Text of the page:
Oh, hi. Yeah, it’s been a while. I’ve backed off writing for several reasons. The first is strictly practical. Creating three-hour PowerPoint slide shows on the passive voice and modals of possibility takes a lot out of a guy. If you think you’re a tough readership, try addressing people who speak English at an upper-intermediate level. In order to make any point, I have to turn language into algebra, with formulae, constants, and variables. Sometimes I’ll slip in a cute pattern sentence like “Mehmed drives like a maniac; he’ll probably kill someone someday,” but the laughter and applause sound a little forced.
Such free time as I do have, I devote to staying in shape. I’ve extended my morning runs to about 15 kilometers. Here in the North Anatolian Fault Zone, the topography resembles my moods – up and down, hill and dale. Pounding over it doesn’t leave me with much energy, and that I tend to use up doing pull-ups and parallel-bar dips in the playground across the grazing commons from my apartment building. Exactly what I’m training for I haven’t decided. I think I’m just eager to make a good impression on people too naïve to peg me for a loser. It’s better to be known as the cut American than the poor American.
But what’s really keeping me away from the keyboard is something more fundamental. This morning in a Facebook PM, my editor Elizabeth Scalia told me, “You’re in Limbo.” She’s right. Upgrading my legal status from tourist to resident involved a wild-goose chase through a welter of misinformation. And all I got in the end was a 90-day permit. Whether I’ll be able to get another when the time comes I have no idea, and the uncertainty has left me morbidly aware that anything I write can and might be used against me. Writing about failed past relationships is a lot easier – not to mention smarter – than writing about relationships that are still active and trundling their way from romance to partnership.
Back in the States, I was resigned to a depressing, dead-end existence. It was no fun, but at least I could say I knew the drill. No great surprises lurked around any corners. Life was going to be cruddy, but the cruddiness was bound to be familiar and livable. A spot where everything is settled and nothing matters is a pretty good spot for a writer to be in. If she has no other luxury, she at least has the luxury to reflect. The output might be a little on the melancholy side, but now, in the reign of Twitter and Snapchat, melancholy feels like an art to be preserved at some cost, like glass-blowing or Cambodian Aspara dancing.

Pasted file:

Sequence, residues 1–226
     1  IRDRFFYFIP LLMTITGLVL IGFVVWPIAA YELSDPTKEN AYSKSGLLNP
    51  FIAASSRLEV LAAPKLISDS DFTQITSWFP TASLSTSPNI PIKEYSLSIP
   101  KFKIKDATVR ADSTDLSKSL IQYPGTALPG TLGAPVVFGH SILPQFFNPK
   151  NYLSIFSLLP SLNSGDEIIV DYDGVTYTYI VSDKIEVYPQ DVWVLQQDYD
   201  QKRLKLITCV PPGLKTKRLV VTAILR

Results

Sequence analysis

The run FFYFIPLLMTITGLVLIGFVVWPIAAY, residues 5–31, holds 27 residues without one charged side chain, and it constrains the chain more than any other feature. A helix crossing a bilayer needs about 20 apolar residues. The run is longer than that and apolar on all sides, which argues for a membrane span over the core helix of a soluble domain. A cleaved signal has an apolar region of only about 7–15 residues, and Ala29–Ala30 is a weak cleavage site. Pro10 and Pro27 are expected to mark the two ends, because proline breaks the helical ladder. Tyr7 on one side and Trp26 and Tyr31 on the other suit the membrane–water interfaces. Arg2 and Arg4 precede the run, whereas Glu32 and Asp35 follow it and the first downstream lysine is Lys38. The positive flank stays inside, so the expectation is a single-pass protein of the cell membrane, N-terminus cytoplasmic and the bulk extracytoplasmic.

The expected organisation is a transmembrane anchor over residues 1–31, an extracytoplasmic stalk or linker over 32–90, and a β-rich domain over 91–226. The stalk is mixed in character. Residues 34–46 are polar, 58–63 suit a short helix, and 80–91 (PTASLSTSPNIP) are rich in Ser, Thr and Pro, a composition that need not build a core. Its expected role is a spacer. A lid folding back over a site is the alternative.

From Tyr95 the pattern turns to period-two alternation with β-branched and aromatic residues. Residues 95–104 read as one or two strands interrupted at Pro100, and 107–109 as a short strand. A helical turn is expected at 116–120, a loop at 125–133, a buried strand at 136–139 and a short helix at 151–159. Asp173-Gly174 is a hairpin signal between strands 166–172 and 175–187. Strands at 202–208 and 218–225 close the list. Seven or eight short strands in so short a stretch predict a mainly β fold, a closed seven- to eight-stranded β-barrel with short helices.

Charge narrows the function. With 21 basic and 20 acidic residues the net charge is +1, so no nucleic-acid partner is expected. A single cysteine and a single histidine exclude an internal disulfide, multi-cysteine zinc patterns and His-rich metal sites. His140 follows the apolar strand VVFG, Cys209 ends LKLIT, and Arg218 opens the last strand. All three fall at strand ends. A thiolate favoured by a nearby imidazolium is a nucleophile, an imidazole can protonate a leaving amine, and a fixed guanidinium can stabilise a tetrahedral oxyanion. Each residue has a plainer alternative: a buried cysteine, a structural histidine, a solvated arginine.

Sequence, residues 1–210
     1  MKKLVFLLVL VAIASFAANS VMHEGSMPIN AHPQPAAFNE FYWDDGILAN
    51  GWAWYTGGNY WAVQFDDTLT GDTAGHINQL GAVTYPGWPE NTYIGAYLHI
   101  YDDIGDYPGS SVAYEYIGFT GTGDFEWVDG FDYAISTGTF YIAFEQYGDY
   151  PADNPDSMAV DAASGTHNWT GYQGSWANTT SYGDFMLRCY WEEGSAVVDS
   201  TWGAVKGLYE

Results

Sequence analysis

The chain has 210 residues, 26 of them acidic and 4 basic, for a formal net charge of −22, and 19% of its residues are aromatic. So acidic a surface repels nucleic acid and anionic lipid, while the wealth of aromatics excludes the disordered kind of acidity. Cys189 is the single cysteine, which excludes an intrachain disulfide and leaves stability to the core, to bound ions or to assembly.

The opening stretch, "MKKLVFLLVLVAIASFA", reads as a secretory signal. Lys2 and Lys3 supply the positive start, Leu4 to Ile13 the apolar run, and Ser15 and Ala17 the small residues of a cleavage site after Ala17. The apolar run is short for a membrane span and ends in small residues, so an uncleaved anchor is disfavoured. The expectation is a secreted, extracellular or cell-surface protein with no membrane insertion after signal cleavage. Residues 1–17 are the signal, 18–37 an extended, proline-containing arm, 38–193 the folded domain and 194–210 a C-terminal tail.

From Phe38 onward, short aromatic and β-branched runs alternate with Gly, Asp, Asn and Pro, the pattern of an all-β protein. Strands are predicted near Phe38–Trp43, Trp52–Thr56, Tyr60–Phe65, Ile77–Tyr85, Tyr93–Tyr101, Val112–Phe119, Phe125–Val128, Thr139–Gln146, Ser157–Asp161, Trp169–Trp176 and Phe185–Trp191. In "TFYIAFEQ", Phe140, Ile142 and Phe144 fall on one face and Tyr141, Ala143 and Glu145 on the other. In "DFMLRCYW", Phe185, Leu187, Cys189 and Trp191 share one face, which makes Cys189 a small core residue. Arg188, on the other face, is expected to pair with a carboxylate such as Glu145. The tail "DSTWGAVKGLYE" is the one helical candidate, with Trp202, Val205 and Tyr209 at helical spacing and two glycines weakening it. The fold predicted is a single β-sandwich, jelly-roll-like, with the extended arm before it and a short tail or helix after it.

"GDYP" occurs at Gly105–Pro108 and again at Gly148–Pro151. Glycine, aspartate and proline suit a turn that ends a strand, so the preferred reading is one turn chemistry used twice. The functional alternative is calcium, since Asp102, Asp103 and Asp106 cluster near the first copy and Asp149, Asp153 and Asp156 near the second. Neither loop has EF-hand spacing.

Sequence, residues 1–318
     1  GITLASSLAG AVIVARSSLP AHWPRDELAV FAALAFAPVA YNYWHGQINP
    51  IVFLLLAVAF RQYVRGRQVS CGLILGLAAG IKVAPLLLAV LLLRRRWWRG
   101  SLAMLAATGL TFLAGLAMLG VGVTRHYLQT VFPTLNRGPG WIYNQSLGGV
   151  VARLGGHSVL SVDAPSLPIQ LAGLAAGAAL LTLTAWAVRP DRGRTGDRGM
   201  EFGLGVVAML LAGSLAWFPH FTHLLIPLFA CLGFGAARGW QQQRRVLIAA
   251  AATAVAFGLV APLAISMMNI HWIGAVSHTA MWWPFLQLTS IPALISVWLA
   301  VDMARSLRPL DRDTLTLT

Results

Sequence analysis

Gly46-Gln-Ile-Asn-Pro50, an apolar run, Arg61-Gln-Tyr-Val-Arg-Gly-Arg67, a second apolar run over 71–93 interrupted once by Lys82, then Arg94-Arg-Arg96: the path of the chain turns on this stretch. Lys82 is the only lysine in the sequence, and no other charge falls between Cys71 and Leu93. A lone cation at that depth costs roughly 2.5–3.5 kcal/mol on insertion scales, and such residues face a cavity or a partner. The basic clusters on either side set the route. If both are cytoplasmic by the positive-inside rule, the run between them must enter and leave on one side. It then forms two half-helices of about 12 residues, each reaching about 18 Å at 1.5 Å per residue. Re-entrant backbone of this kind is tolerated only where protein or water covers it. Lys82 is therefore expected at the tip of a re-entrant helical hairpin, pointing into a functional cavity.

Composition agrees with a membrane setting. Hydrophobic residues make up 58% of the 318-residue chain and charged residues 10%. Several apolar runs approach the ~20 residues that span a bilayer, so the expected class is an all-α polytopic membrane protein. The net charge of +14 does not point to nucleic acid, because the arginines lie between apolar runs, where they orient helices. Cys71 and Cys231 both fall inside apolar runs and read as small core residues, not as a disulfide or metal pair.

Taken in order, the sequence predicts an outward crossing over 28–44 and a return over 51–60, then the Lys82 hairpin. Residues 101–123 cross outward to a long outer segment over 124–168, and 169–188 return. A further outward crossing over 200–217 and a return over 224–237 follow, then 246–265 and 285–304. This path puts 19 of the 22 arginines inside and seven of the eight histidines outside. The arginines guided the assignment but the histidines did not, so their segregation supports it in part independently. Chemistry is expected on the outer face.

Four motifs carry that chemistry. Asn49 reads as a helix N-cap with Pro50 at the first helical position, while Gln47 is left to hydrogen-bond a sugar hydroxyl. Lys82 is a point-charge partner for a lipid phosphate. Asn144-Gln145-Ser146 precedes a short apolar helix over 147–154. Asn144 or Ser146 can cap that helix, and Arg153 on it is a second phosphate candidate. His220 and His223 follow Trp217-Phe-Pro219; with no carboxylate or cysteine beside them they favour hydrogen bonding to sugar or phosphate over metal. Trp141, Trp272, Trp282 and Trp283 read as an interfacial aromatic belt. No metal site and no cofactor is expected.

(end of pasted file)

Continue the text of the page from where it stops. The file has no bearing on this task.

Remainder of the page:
Now, for a change, I am in a spot where everything matters because nothing is settled – not even my identity. The person lecturing Bosch engineers and execs isn’t, quite, the same person who wrote search-friendly ad copy for peanuts and walked barefoot to the Circle K. Not having figured out how to be this new guy consistently – or even whether the opportunity to be him will exist after September – leaves me uncertain who to write as, never mind what to write about.
This probably sounds like a second adolescence, and I guess that’s what it feels like. When I was a real teenager, I liked to pretend I was beyond all the angsty stuff by imagining how my life might look once I finally came through it all. In a sense, I’m doing that again. Whenever I allow myself to take stock of my situation, I imagine myself far in the future, writing about it all in the various past tenses. The title for this work in progress is either Why I Failed in Turkey and Didn’t Even Care or How I Succeeded in Turkey (Without Really Trying). What I have to say about my trip to Orhan Gazi’s tomb or that sonofabitch of a drum they’ve been banging outside my window every morning at two-thirty since Ramadan began, will depend on which book it ends up going in. Here and now, with everything up in the air, I draw a blank.
That’s all for now. Thanks for listening. I’d say more, maybe promise to check in more regularly, but I’ve got to run, literally. After that, I have to prepare some speaking exercises for tomorrow’s class. These days, the big trend in TESOL is Task-Based Learning, where students are impressed into some big, noisy activity that looks like a cross between a Korean game show and the Dance of 100 Smurfs. I hate that stuff. I’m a sullen introvert. Or at least I was.